With significant uncertainty surrounding the proposed Trump-Kim summit scheduled for June 12 in Singapore, South Korean President Moon Jae-in is in Washington this week to ensure the historic meeting happens. Whether it's sanctions relief or appropriating peacebuilding funds, the U.S. Congress will play a pivotal role in any settlement with North Korea. Amid questions about Pyongyang’s intent and past negotiating behavior, Congressman Steve Russell (R-OK) and Congressman Ted Lieu (D-CA), both military veterans, offered their support for the Trump administration’s participation in the summit during a bipartisan dialogue at the U.S. Institute of Peace.
Will the Summit Happen?
North Korea’s decision to cancel high-level talks with South Korea last week over Seoul’s joint military exercises with the U.S., and Pyongyang’s threats to pull out of the summit if the U.S. insists it abandon its nuclear program, has thrown the June 12 summit into doubt. These moves have led the Trump administration to reconsider participating in the summit.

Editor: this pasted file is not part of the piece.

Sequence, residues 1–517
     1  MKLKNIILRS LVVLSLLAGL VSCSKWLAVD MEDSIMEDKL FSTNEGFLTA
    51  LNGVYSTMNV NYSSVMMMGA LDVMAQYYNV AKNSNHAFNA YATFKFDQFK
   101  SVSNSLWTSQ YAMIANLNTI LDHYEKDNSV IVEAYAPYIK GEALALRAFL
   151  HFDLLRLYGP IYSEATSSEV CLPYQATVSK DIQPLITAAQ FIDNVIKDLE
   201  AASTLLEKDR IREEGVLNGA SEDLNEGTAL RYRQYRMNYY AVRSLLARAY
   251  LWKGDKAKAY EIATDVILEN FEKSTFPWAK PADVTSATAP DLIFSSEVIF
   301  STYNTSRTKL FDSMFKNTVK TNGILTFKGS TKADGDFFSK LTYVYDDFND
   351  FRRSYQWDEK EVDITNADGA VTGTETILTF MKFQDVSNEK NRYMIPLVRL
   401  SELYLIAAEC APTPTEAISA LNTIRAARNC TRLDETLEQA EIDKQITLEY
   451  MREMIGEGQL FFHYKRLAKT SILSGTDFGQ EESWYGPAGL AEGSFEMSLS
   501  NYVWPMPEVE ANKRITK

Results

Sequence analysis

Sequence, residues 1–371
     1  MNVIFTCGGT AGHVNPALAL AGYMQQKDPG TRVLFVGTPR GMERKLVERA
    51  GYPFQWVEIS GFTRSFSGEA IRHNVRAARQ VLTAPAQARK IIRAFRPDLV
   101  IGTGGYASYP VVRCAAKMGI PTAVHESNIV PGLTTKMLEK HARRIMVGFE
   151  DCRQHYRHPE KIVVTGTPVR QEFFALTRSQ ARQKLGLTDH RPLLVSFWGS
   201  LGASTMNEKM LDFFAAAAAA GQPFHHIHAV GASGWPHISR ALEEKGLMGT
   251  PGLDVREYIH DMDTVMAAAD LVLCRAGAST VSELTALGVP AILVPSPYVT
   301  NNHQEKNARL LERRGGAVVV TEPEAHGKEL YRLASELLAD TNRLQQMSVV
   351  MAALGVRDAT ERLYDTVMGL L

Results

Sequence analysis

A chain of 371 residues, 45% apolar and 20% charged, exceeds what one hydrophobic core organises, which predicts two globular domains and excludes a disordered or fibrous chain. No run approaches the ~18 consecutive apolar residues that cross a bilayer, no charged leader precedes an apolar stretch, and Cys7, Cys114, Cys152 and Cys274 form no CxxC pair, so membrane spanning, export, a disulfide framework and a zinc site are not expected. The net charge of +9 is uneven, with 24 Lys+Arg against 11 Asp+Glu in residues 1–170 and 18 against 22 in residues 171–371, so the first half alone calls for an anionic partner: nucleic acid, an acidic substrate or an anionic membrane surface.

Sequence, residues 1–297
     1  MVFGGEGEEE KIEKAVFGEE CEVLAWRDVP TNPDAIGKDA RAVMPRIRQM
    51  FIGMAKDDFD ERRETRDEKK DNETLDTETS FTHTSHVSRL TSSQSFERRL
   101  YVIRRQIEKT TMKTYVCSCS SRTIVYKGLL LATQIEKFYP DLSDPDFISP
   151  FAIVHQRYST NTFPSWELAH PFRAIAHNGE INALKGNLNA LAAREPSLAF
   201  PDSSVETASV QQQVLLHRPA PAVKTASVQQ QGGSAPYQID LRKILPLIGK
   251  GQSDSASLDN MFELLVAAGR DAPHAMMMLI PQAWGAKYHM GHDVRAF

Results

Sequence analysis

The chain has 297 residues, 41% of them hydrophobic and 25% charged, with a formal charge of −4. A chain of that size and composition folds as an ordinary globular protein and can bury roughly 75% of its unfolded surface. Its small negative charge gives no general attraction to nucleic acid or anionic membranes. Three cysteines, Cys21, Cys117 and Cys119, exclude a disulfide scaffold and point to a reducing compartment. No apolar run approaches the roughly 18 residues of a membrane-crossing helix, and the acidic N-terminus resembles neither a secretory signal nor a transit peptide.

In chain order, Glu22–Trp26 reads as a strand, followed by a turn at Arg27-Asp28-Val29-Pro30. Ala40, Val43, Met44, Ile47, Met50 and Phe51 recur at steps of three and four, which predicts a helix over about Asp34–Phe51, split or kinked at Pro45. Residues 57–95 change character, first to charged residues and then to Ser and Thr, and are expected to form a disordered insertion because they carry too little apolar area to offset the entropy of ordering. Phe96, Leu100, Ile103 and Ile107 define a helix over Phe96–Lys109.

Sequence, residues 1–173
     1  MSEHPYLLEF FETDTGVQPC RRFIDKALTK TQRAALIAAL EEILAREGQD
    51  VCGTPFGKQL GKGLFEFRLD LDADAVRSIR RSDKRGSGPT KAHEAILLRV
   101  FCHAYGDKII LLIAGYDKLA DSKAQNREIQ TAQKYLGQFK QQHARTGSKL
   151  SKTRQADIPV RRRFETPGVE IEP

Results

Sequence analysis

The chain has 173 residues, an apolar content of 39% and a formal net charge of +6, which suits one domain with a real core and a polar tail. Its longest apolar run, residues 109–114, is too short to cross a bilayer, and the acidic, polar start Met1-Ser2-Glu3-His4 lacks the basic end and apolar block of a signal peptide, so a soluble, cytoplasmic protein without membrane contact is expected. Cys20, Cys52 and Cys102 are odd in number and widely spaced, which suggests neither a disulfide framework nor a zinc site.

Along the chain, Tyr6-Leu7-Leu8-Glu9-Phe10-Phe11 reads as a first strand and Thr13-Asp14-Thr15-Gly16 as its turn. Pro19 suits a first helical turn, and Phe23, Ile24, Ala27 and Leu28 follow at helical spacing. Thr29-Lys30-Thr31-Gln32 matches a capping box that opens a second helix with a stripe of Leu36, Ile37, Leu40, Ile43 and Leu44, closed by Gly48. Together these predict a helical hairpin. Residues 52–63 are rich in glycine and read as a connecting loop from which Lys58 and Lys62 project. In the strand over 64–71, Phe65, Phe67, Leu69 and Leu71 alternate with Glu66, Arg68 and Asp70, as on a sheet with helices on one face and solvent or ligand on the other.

Representatives Lieu and Russell argued that U.S. should continue to engage with North Korea. “Anytime you can have dialogue it’s helpful,” said Congressman Russell, adding, “As a warrior, I feel like dialogue is always preferable to combat.” Russell also argued that the reason the summit was planned in the first place was because “we haven’t done anything but take a hardline” on North Korean nuclear proliferation.
Congressman Lieu, who serves on the House Foreign Affairs Committee, added his support, noting, “South Korea, North Korea and the U.S. have a very big incentive to have this summit actually happen,” but called for caution due to Pyongyang’s “troubling statements” and “pattern of past behavior.”